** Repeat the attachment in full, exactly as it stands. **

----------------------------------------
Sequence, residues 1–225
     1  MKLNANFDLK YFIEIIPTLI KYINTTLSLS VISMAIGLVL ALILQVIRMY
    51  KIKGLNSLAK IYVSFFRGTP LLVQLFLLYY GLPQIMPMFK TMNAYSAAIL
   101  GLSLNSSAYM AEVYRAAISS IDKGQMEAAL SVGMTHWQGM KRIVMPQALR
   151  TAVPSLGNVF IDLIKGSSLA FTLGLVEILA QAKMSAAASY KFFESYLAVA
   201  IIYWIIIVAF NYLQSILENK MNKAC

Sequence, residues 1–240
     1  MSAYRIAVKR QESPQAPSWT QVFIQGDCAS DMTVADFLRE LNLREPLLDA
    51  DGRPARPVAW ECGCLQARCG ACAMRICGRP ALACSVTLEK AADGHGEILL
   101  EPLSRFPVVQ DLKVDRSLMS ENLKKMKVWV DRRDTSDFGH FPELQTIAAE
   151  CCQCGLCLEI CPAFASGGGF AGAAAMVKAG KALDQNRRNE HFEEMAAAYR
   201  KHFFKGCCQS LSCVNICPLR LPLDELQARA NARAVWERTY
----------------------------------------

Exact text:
Sequence, residues 1–225
     1  MKLNANFDLK YFIEIIPTLI KYINTTLSLS VISMAIGLVL ALILQVIRMY
    51  KIKGLNSLAK IYVSFFRGTP LLVQLFLLYY GLPQIMPMFK TMNAYSAAIL
   101  GLSLNSSAYM AEVYRAAISS IDKGQMEAAL SVGMTHWQGM KRIVMPQALR
   151  TAVPSLGNVF IDLIKGSSLA FTLGLVEILA QAKMSAAASY KFFESYLAVA
   201  IIYWIIIVAF NYLQSILENK MNKAC

Sequence, residues 1–240
     1  MSAYRIAVKR QESPQAPSWT QVFIQGDCAS DMTVADFLRE LNLREPLLDA
    51  DGRPARPVAW ECGCLQARCG ACAMRICGRP ALACSVTLEK AADGHGEILL
   101  EPLSRFPVVQ DLKVDRSLMS ENLKKMKVWV DRRDTSDFGH FPELQTIAAE
   151  CCQCGLCLEI CPAFASGGGF AGAAAMVKAG KALDQNRRNE HFEEMAAAYR
   201  KHFFKGCCQS LSCVNICPLR LPLDELQARA NARAVWERTY